Audio Transfer Review: The sound design tends to be very forward; little comes out of the surrounds other than music. There are some nice cricket sound effects on occasion which use the surround capabilities quite well. Dialogue and music both come through clearly on the 5.1 track, although the volume is a little on the low side and will need to be turned up for most viewers. While there are moments of deep bass extension, this is not a film that will give your subwoofer much of a workout

Even though this film has many aspects of an action film (and certainly an action film climax), there are long segments that are quiet and dialogue-heavy. There is absolutely no noise or hiss evident at all at those times. The musical score is similarly low-key with an element of foreboding to it. The score is clear and does not drown out the dialogue, but keeps discreetly in the background. All in all, not a spectacular sound design, but certainly appropriate and effective.

The Dolby Surround tracks (both English and French) are quite good as well, with decent separation. The disc defaults to the Dolby Surround English track, but the audio may be changed on the fly, which minimizes the annoyance factor of this default.

Audio Transfer Grade: B+


Disc Extras

Animated menu with music
Scene Access with 24 cues and remote access
Subtitles/Captions in English, Spanish with remote access
Cast and Crew Biographies
Cast and Crew Filmographies
2 Original Trailer(s)
5 TV Spots/Teasers
2 Deleted Scenes
1 Alternate Endings
1 Featurette(s)
1 Feature/Episode commentary by director Jon Amiel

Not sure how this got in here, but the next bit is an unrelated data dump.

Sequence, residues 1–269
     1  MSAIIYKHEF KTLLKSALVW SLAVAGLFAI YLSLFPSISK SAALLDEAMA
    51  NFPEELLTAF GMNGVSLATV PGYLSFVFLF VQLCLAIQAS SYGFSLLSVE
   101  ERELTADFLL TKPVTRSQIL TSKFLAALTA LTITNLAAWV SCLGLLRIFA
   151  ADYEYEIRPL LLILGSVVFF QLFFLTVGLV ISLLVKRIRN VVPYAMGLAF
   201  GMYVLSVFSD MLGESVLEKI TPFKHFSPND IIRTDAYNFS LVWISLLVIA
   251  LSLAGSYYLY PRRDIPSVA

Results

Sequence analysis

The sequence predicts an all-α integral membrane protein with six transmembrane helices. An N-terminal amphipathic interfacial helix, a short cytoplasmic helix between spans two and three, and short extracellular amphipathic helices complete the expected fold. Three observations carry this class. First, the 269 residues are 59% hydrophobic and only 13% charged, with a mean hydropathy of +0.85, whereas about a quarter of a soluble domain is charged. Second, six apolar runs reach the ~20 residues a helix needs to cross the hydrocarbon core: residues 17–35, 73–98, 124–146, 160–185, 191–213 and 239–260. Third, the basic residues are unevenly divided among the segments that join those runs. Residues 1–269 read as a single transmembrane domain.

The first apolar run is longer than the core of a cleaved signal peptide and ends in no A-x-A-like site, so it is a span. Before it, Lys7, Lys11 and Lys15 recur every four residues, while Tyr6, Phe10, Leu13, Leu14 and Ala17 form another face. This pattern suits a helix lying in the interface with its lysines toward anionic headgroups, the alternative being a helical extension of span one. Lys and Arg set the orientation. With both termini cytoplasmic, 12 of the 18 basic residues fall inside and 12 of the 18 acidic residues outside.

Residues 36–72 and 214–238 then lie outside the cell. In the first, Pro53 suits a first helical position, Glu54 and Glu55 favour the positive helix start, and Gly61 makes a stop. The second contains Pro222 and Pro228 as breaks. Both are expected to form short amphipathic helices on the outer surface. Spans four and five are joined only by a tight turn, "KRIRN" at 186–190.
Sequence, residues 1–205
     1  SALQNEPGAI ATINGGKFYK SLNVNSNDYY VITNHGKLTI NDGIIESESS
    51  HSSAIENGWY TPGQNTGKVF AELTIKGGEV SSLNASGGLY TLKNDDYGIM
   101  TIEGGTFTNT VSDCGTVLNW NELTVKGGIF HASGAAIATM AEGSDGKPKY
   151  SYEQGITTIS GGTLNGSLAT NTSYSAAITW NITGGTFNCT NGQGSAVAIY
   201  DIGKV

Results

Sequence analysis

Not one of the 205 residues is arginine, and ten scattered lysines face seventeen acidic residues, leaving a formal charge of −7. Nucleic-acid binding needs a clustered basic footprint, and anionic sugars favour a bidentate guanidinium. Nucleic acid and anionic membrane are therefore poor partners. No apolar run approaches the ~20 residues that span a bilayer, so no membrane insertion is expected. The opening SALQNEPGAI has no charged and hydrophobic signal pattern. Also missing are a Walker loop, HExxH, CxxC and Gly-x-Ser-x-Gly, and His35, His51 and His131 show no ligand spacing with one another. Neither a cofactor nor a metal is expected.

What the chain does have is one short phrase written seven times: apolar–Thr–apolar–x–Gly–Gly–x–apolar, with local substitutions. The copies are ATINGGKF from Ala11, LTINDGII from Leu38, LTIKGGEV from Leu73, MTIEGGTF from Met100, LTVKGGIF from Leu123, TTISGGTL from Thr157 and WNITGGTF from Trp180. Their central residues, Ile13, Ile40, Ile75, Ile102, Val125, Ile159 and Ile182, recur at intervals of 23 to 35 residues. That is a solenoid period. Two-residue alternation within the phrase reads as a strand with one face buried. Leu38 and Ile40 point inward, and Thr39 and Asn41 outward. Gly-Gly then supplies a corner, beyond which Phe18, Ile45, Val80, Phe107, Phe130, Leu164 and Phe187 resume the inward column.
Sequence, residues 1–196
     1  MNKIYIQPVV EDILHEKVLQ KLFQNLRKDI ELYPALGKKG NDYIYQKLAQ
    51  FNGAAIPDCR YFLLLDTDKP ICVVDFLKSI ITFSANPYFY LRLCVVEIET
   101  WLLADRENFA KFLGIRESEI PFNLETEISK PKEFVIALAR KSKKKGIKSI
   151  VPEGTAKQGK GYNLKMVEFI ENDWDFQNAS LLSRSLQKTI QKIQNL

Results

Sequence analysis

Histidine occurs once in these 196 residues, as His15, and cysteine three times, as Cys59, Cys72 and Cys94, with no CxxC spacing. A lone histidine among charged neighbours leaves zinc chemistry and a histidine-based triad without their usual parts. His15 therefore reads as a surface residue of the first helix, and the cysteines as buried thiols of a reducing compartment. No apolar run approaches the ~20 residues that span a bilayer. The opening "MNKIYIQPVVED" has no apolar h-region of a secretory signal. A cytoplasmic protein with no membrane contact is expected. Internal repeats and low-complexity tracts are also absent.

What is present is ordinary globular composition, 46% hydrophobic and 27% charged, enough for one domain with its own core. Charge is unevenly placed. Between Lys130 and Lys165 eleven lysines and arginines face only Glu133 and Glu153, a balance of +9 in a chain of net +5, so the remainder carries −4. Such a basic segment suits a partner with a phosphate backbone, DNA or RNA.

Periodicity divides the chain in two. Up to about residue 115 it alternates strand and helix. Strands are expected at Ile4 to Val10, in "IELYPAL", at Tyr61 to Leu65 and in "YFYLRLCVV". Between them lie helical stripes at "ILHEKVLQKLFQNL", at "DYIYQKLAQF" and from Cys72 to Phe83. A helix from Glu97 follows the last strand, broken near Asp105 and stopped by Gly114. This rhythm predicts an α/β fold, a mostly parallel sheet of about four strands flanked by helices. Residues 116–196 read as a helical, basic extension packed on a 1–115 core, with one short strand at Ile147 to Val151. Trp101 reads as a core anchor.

Packaging: Alpha
Picture Disc
1 Disc
1-Sided disc(s)
Layers: RSDL
Layers Switch: 00h:44m:19s

Extras Review: Fox has come through with another jam-packed special edition with this disc. First off, we have an animated menu of a scene that may be viewed normally, with night vision (disclosing security lasers) or as a CGI schematic. While this menu runs for a while, the options to play or go to other sections of the disc come up immediately, so you're not at the mercy of the menu design on subsequent viewings.

We are provided with a full-length commentary by Jon Amiel that is quite informative, pointing out how certain special effects and stunts were done. Amiel also explains much of the camera motion and really giving a film school seminar analysis of the nuts and bolts of what makes the film work. This is an outstanding commentary for those who want to know behind the scenes technical information.

The cast and crew bios are extensive, although only four of the leads and the director are profiled. There are not separate filmographies, but the bios contain within them such extensive lists of film credits that I would consider them to serve as filmographies. One gripe is that on several of the bios (notably Connery's) the text is white on gray, which is extremely hard to read. Better attention could have been given to making these contrasting colors.

Two deleted scenes are provided, which were properly removed from the final cut. One is an extended car chase, and it is hard to believe such a technically complicated and surely expensive shoot was actually cut from the film, but the director believes, and I agree, that the film works better without it. The other is a scene of Gin breaking into Mac's hotel room to leave him a magazine; other than explaining how he ends up with the magazine (a point skipped over in the finished film), it really adds little.

The alternate ending appears to be just a slightly different, and significantly shorter, version of the finished ending. Personally, I would have preferred the alternate ending, but I can understand the desire to give a more emotionally gratifying conclusion. However, the ending that was used just raises more questions that aren't properly answered and leaves a number of plot holes dangling.

The production notes are rather scanty, filling only three screens. However, the commentary background more than makes up for this deficiency.

Extras Grade: A


Final Comments

A very solid special edition from Fox, with just about all the trimmings a film fan could want. The movie itself is artfully done, and a great suspense ride....just don't think too hard about certain elements of the plot and you'll be fine.